Did Ron Sims Play Favorites With Cabbies?

Drivers are crying foul and filing suit.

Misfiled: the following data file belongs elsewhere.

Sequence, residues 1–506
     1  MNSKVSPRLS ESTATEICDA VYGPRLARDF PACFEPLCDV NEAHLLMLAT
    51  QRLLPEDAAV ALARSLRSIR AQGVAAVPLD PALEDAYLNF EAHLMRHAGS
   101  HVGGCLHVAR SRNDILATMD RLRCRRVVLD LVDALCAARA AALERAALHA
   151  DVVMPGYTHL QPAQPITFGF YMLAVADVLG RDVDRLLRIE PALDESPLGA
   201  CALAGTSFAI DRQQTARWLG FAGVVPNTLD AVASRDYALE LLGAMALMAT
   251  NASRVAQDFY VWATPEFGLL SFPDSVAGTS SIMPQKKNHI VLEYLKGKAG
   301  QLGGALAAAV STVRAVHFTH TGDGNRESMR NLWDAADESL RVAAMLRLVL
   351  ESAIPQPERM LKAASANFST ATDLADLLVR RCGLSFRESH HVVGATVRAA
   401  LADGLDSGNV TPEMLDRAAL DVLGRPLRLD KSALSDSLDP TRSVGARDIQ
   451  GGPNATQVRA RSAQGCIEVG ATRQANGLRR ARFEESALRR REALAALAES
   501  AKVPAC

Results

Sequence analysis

In a bland, one-story office park in Tukwila, at the end of a winding road, sits a parking lot with more than two dozen spanking-new Toyota Priuses. Topped with taxi signs, they gleam with fresh paint—a vivid grass-green on the body with a green-and-white-checked border. The logo on the cars says: Green Cab.The cars belong to an association of Ethiopian drivers who, until last month, thought they had a lock on approximately 50 new taxi licenses being issued by King County. The drivers took out home-equity loans and spent $2.8 million in start-up costs, according to their leader, as they prepared to launch the new green fleet, which was supposed to be not only more environmentally friendly than current cabs, but more labor-friendly as well: The association had signed an agreement with the Teamsters union to allow collective bargaining.But that picture of supposed progress has since been blown up in a wave of suspicion, lawsuits, and recriminations. The rest of the local drivers have responded with outrage to the county plan, first announced in October. They lambaste the county for funneling the licenses directly to Green Cab—whose members have given generous donations to King County Executive Ron Sims and other county officials—without any chance for others to bid. Lawsuits have been filed, and a King County court commissioner issued a restraining order against the county's move last month. In the face of the protest, Sims' staff has quickly backed down, claiming it was all a misunderstanding, and has agreed to allow other groups of cabbies to pitch for the new licenses.But even now, many feel the fix is in and Green Cab will still come away with the prize—the first new licenses released by the county in 17 years. Typically such licenses sell for between $150,000 and $350,000 when traded among cabbies. These will be given away essentially for free. But the drivers have only until April 8 to make their case, as the county hastily issued a request for proposals. Under the terms of the RFP, drivers have to buy pricey hybrids—a million dollar or more proposition—which, as it happens, the Green Cab guys already own.In a conference room at a King County administrative building, Jim Buck, the overseer of taxi regulation for the county, was surrounded by 100 irate drivers at a meeting last week."How in the world could any association be able to make a proposal that's remotely responsive in two or three weeks?" asked Douglas Titus, a West Seattle lawyer representing a group of 40 taxi drivers."I think it can be done, but I'm not a driver so I don't know," responded the mild-mannered Buck, wearing a brown corduroy jacket and bifocals and looking exceedingly pale amid the East Africans and Indians, some of them in colorful turbans, who dominated the room in a tightening circle around him. Ridiculing laughter erupted, and not for the first time."Excuse me, were you involved in the award of licenses to Green Cab?" asked a fellow in a black cap."Yes, I was," Buck conceded."Then you should excuse yourself. Without a lawsuit we would not be here today.""Does anyone have any doubt that this is a recipe for Green Cab?" shouted another man in a green skullcap to the crowd."No! No!"A mustached Somali named Saed Raigal jumped up and called for a two-week strike. "OK? Promise? Nobody working tomorrow," he said, madly waving his arms."Yes! Yes!"And with that, and more chaotic shouting in a mix of languages, the meeting messily broke apart under the eye of a just-arrived security guard. While the strike never materialized, the furor continues.Sims vehemently denies that the assignment of the leases to Green Cab, without any RFP or other application process, had anything to do with the roughly $20,000 in contributions given him during his most recent re-election campaign by drivers associated with Green Cab. "There was no tit for tat," he says. "I don't operate that way."Yet something seems amiss about the way the process unfolded, and the county's explanations have only added to the mystery. In a Feb. 1 letter to King County Council Chair Julia Patterson, Sims said that the county was now putting out an RFP because "since this announcement [that Green Cab was getting the licenses], additional groups have expressed interest in participating" (emphasis added).Yet, according to Joe Blondo, president of the Alliance of Taxi Associations, the bigger and better funded of the two groups suing the county, once the county issued notice in May about a test program offering new licenses, "everyone jumped on it." Drivers furiously began forming associations to apply for the licenses and, in some cases, formed detailed business proposals.More than five dozen responses came in to the county's request for comment, according to documents obtained through public disclosure by Blondo's Alliance. Blondo, a veteran part-time taxi driver who is one of the few native-born Americans in the industry, submitted a proposal on behalf of the newly formed 21st Century Taxi Company, which comprises some 40 members. "All of this is a bit confusing," he wrote in a cover letter to the county. "Does this mean, after the surveys from the various associations arrive, that one or more associations will be chosen to submit formal bids?"He wrote that he had investigated hybrid cars and settled on the Toyota Sienna as his preferred choice. He was also scouting taxi lots, looking into financing, and proposing a color scheme of "light blue (sky blue, robin egg blue) and crème."A group of 40 Indian-born drivers calling themselves the Seattle Washington Taxi Association also expressed interest and hired Titus to help. He, too, couldn't quite figure out what was going on. Though he repeatedly called county officials, he says, "I was unable to obtain any information about the process."Also submitting was Tigabie Tekeba, on behalf of Green Cab, whose proposal was highly detailed and confident. Attached was an agreement with the Teamsters Local Union No. 117 that promised the company would remain neutral as drivers organized into a bargaining unit. "We would like to immediately commence formal discussions with King County in order to finalize a contract," read the proposal.On Sept. 20, Sims' bureaucracy adopted an "administrative rule" laying out the conditions under which an association could obtain licenses under the test program. The very next day, the county sent a letter to Tekeba, informing him that his organization had been selected to receive the licenses and implement the program.Nobody else even had a shot at it. "We weren't taking applications," Buck says.The taxi industry seems to combine the worst aspects of the free market, state control, and serfdom, and the county has good reasons for wanting to reform it. The effort began in earnest three years ago as both Sims and the County Council began discussing new licenses for a small number of wheelchair-accessible vans. Drivers lobbied for a wider release of licenses.A license attaches to every taxi operating inside the county. (Taxis working inside the city limits need a separate Seattle license.) In 1991, to prevent a flooding of the market—which would make it impossible for individual cabbies to earn a living—the county set a license cap of 561, and the city set a cap of 667 at around the same time. The annual cost for the county license is just $450.But unlike in cities such as New York and Chicago, where the government sells taxi medallions, cabbies are free to buy and sell these licenses among themselves, often going through unofficial brokers at the cab companies with wide networks in their immigrant communities. This open market is completely unregulated. Licenses sell for up to $350,000 because of the limited supply. As a result, few immigrants can afford to own a license, and instead are forced to "lease" a taxi from someone who does."They're at the mercy of those that control the licenses," says County Council member Larry Gossett.During a series of public hearings in 2005, the council heard testimony from a couple of dozen drivers who felt abused by the current system and wanted licenses of their own."We have families. We don't have benefits. We don't even have a guarantee to drive a year or six months," said a driver named Getasun Tsegaye. "This would be an opportunity to drive for ourselves.""It's your duty to break this monopoly. Level the playing field," urged another, Hadj Benzerrouki.The county's Buck recalls hearing testimony from one driver whose lease was suddenly canceled when the taxi owner's relative came to town and wanted to drive instead.Tekeba testified more than once. He urged the council to give licenses to his organization (then known as the American Taxicab and Disabled Services Association), which would both take care of workers and provide better service to customers. "We want to establish a new way of doing business," he said.The council ended up passing legislation, sponsored by Gossett, that authorized Sims to release taxi licenses that had "reverted" back to the county's control for reasons such as disuse or an owner's death. Not wanting these licenses to be part of the problematic open market, the council specified they could not be sold. The ordinance also called for the executive to release the licenses through an RFP or a lottery.Buck, a member of Sims' staff, says he came up with details of the plan. He determined that the new licenses would go not to individuals but rather to an "association," one that hired drivers as employees with full benefits and the right to unionize. In order to "level the playing field," the association's members would have to be people who did not already own licenses. And the taxis would have to be electric hybrids. The county reserved the right to recall the licenses if the program didn't work out as planned.Last September, after two short comment periods of a week or two, Tekeba's group got the nod.Buck says he chose Tekeba because he knew him to be "very committed and capable and qualified." "We believed we had the authority to make the selection" without an RFP or other application process, he says. Buck relies on a subclause in the ordinance whose wording is the subject of the current lawsuits against the county.It's clear that the council's intent at the time was otherwise, however. Gossett today says he doesn't remember the details. Perhaps because this is such a hot issue, numerous phone calls to other council members went unreturned."I don't tell the bureaucracy what to do" was Sims' response, when asked in an interview how Green Cab was selected.If you do a search of Sims' campaign contributions by occupation, and plug in the words "taxi driver," you will find a surprisingly long list. In the 2004–05 election cycle, when Sims last ran for re-election and the county began talking about releasing new licenses, contributions by taxi drivers totaled $21,500. The majority of those donations came from individuals bearing the same name as Green Cab partners, according to a list Blondo's Alliance obtained through public disclosure. At least a couple of those donors exceeded the $1,200-per-election maximum required by law.Doug Ellis, assistant director of the state Public Disclosure Commission, which has jurisdiction over county campaigns, says his agency didn't investigate the matter because it only responds to complaints and received none.But in 2006, acting on a tip, the Seattle Ethics and Elections Commission fined Tekeba's group $4,500 for what it found to be illegal campaign contributions to former County Council member Dwight Pelz, who was then vying for a City Council seat. According to the commission's executive director, Wayne Barrett, suspicions were raised by the "nice round number" of total contributions from American Taxicab members—$5,000. "That and the fact that all the contributions were on the same day, they were all at the maximum [level of contribution allowed], and all of the [contributors] hadn't been involved in donating before." Those facts suggested that the donations might have been orchestrated—and perhaps paid for—by one party, which would violate limits on how much any one party could donate.As in the infamous Strippergate scandal of 2003, in which the owners of Rick's in Lake City bypassed the limit on individual campaign gifts by secretly funding the donations made in other people's names, the commission determined that American Taxicab had skirted the then-$650 city cap by funding the individuals who donated to Pelz. American Taxicab argued at the time that donors were merely "borrowing" money from a $5,000 contribution each had previously made to the organization. But the commission still deemed it a violation.Now chair of the Washington State Democrats, Pelz declines to comment on the matter and was not himself implicated in the commission's finding. Pelz was a vocal supporter of the 2005 taxi ordinance, though not the only one. Council member Pete von Reichbauer, who during hearings had mentioned his affinity for taxi drivers, given time he had spent in East Africa, also received thousands of dollars in donations from American Taxicab.Since it only oversees city elections, Barrett's commission did not look into contributions by American Taxicab members to von Reichbauer or Sims. Von Reichbauer did not return a phone call seeking comment. Tekeba has been suffering from an unspecified medical condition, according to his lawyer, and was unavailable for comment.But for many observers in the taxi industry, it's an open-and-shut case that Green Cab got the nod because of its campaign donations. "Everyone knows they went through the back door," says Nirmal Pannu of the Seattle Tacoma International Taxi Association (STITA), which has the contract with the Port of Seattle to serve incoming passengers at Sea-Tac."The way this thing was handled," adds Orange Cab manager Tadele Fassil, "it makes cab drivers feel like they are back in the Third World."For many in the taxi industry, Tigabie Tekeba and his Green Cab members seemed to come out of the blue. "How did [the county] find these people?" asks Belai Motuma, a former Ethiopian schoolteacher who owns nine cabs and helps manage Yellow Cab's operation.But Tekeba had made himself a familiar face to government officials, and he came armed with lawyer and lobbyist.He and the members of his group had a sympathetic story to tell. He recounts it in a recent e-mail he sent to Leonard Smith, organizing director for Teamsters Local 117, his lobbyist Tim Hatley, and an attorney at the firm that represents him. Written as Green Cab's hold on the licenses was slipping, the e-mail was designed to urge its recipients to work harder, Hatley says."Our lives and our families' lives have been destroyed before by Communist government officials in Ethiopia," it reads. "They took our properties, killed our families and kicked us out of the country. Some of us had been in jail for 10 or more years."When we finally got a chance to come to America, we thought we were out of our past miseries." Instead, he writes, they became part of a taxi industry that is "abusive, monopolized, corrupted and riddled with so much crime." He says they made an average of $4.75 an hour and worked "16 hours a day, seven days a week....Then five years [ago] we started to challenge that."Smith met him around that time, and says Tekeba had been talking to various labor officials about his beef with the industry, which focused on the lock on licenses and exploitation by owners. That matched Smith's view that the license structure set up by the government was "legalizing indentured servitude" of drivers.To council member Gossett, Tekeba came across as "a very, very, very nice guy—very well educated—somebody who would be sincerely accountable to workers." Tekeba got a B.A. from the University of Washington in 1998 and worked for a time as a "community builder" for the Seattle Housing Authority. At the same time, he drove a STITA taxi, according to legal documents.In 2004, he sued SHA unsuccessfully for discrimination, claiming he was underpaid. His attorney was Alfoster Garrett Jr., the onetime head of the NAACP's Seattle branch who faces an ongoing disciplinary case with the state bar over allegations of financial misdealings and other improprieties in his practice. Tekeba and Garrett also sued the city, demanding that it release more taxi licenses. They lost that case, too. (Though the city recently announced plans to make licenses available.)So Tekeba turned his attention, as far as taxis went, to the county. This time, he had the help of the Teamsters, an influential political force that, according to Smith, had long looked for a way to organize the industry. "I'd go around and try to lobby so these guys would have a shot at getting these licenses," Smith says. Tekeba also hired Hatley to help. Hatley had previously worked for 10 years at the county, including as a policy adviser for Sims.Apparently, there was a meeting of the minds. Yet it's questionable whether the economic model on which they settled is preferable to most people in the industry.Certainly, current license owners don't like it. Just ask the local taxi magnate."It's a communist idea," says Lema Woldegiorgis, a mustached 53-year-old who favors baseball caps and checked shirts. Woldegiorgis emigrated here from Marxist Ethiopia in 1984. After working as a taxi mechanic for a few years, he bought his first licensed taxi in 1987. Because he was a mechanic, he says, he was able to save money when he had car problems by doing repair work himself. He bought more and more licenses and taxis, and by 1993—paying, he says, no more than $9,000 per license—he'd accumulated 50 licensed cabs, the most of anyone in this region.A multicar owner like Woldegiorgis no longer has to drive. His cars are cash cows, available for both night-shift and day-shift leases. Craig Leisy, who oversees taxi regulation for the city, estimates that owners make between $15,000 and $18,000 a year per car after paying costs like insurance and dispatch fees. That would put Woldegiorgis' annual income from his taxis at between $750,000 and $900,000.Woldegiorgis leases his cabs through the Yellow Cab fleet, and according to city records, he is also an owner of Puget Sound Dispatch, the company that manages much of Yellow Cab's day-to-day operations. (The structure of the taxi industry seems designed to mystify, with brand names such as Yellow Cab controlled by dispatch companies and individual taxi owners.)He has diversified, too, into other businesses, including a gas station in Fall City, where he lives, and a custom halal slaughterhouse on his 10-acre property there. Customers come to slaughter their own lambs and goats in accordance with their religious principles.With the success it has given him, it's no wonder that Woldegiorgis would want to keep the system the way it is. Through Yellow Cab, he is part of the Alliance that is suing the county and has shown up at city and county meetings devoted to the issue of new licenses.But less exalted owners, like Gurmindor Kahlon, also oppose the county's plans. Kahlon, who owns but one taxi, sees the distribution of new licenses as a threat. A bearded, gentlemanly former prosecutor from India who wears a silver bangle on his wrist, Kahlon came to this country in 1986 amid a Sikh separatist movement that had led to roiling violence in his home state of Punjab. After a long stint in New York, where he opened a liquor store, he moved to the Seattle area, which he thought would be better suited for his children, now 21 and 16. He lives in a spacious, if minimally furnished, Kent home located in a new development of the sort that is all over the suburbs.To afford it, he says, he drives his cab seven days a week, 12 hours a day, working most days from 4 in the morning until 4 in the afternoon—the "day shift"—allowing him to catch early morning trips to the airport. "The last time I took a vacation was three years ago," he says. Nobody in his family has medical insurance, not even his wife, who has a mysterious spinal condition that causes her too much pain to work, and who during a recent visit to their house lies on the floor watching satellite television from India, a position she says is good for her back.Using credit cards and a home equity loan, Kahlon bought his taxi license in 2001 for $140,000. Now, he and others worry that the introduction of new, virtually free licenses will undermine the value of their own on the open market. "I invest a lot of money in my license," Kahlon says. "Now it is worthless."Even the lease drivers, the ones whom the new county plan is supposedly designed to help, seem less than enthused. Given the choice between being exploited but their own boss, or being a unionized employee, they know which way they'd go.A few weeks before he calls for a boycott at the meeting with Buck, Orange cabbie Saed Raigal indicates his disapproval while waiting for fares at the downtown ferry docks. "I don't believe any taxi driver would jump from being self-employed to employee," he says. "If you're a half-hour late, you have to make a big excuse.""For me, I'm a Muslim," says Assan Mohammed, another Orange driver who joins the conversation. "I have to pray many times" a day. As his own boss, he can duck into a mosque any time he wants. If he's driving around the North End, he'll go to one in Northgate. He'll head for a Central Area mosque if he's downtown. He doesn't think he'd be allowed to do that as an employee.Fellow cabbie Jamil Ahmed adds that he went home at noon that very day to look after his kids while his wife went to a doctor's appointment. "That's why we choose this," he says. "It's more freedom. It's not the money."Some drivers say that a plan announced earlier this month by Seattle Mayor Greg Nickels is more to their liking. It also will release new licenses—a couple of dozen to start and more than 300 in time— and require more fuel-efficient cabs than the gas-hogging former cop cars that currently dominate the fleet. The city is also planning to prohibit the new licenses from being sold for five years, and during that time, the person owning the license has to drive the corresponding taxi full time.But the mayor's plan doesn't require drivers to become employees. "We are really impressed," says driver Bashi Hassan, eager for the chance of ending his $420-a-week, day-shift lease. Another driver expressed his enthusiasm off the record, for fear of his taxi lease being canceled by an irritated owner. However, the city hasn't yet said how the new licenses will be awarded.Meanwhile, given the furor displayed at last week's meeting, the county may have to rethink its rushed RFP. "Surely we'll discuss the tenor of the meeting," Buck says. Green Cab general manager Will Kelley declined comment, as did several Green Cab drivers. "Now Hiring!" proclaims the company's slick Web site, which can still be seen online (www.greencabseattle.com), and which also describes Green Cab as a "new and different taxi company" offering "the only all hybrid fleet" in the Puget Sound area. It's quite possible, though, that those shiny Toyota Priuses will be reclaimed, and the company seems as unhappy as those who attack it."We spent $2.8 million for start-up costs and [are spending] more than a half-million dollars a month for ongoing costs," Tekeba writes in his e-mail to Hatley. To do so, he says, Green Cab members used 15 of their homes to get bank loans. "We lost our families and properties two times before in Africa," he continues, referring to his members' experiences not only in Ethiopia but as refugees in the Sudan. "Now it appears that we are losing our families and properties for the third time in America by County government officials." His members' response, according to Tekeba: "They would rather that these officials come and kill them."nshapiro@seattleweekly.com